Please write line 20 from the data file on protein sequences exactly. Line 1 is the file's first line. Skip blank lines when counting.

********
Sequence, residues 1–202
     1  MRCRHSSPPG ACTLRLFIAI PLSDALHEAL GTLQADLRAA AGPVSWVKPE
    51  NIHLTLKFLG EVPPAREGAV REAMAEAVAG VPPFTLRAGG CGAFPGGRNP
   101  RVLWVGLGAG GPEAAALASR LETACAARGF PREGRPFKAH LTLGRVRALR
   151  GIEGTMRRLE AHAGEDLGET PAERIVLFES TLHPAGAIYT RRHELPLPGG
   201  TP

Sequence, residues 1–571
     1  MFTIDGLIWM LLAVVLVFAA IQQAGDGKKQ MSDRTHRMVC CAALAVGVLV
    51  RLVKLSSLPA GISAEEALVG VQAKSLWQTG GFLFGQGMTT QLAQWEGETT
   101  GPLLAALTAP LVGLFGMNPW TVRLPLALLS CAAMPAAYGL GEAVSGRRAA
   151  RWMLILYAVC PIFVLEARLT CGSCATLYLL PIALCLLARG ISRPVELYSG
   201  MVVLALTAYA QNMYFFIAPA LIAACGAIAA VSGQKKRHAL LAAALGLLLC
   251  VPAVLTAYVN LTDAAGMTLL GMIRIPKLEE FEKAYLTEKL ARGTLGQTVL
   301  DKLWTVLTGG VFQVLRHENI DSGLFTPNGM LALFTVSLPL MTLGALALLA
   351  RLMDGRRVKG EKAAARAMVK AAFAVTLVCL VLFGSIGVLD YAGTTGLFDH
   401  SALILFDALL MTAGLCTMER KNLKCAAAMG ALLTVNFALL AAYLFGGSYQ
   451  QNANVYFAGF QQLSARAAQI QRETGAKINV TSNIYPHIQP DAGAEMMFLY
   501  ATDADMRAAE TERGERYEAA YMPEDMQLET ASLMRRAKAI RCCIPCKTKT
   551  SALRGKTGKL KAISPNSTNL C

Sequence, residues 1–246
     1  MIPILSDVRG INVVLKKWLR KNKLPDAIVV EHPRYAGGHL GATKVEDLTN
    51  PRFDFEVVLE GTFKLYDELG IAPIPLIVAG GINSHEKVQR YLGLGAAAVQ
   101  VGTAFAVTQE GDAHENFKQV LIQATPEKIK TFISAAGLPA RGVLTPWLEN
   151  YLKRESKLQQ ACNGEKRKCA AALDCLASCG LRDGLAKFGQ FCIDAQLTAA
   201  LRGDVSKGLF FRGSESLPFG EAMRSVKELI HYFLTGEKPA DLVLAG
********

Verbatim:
Sequence, residues 1–246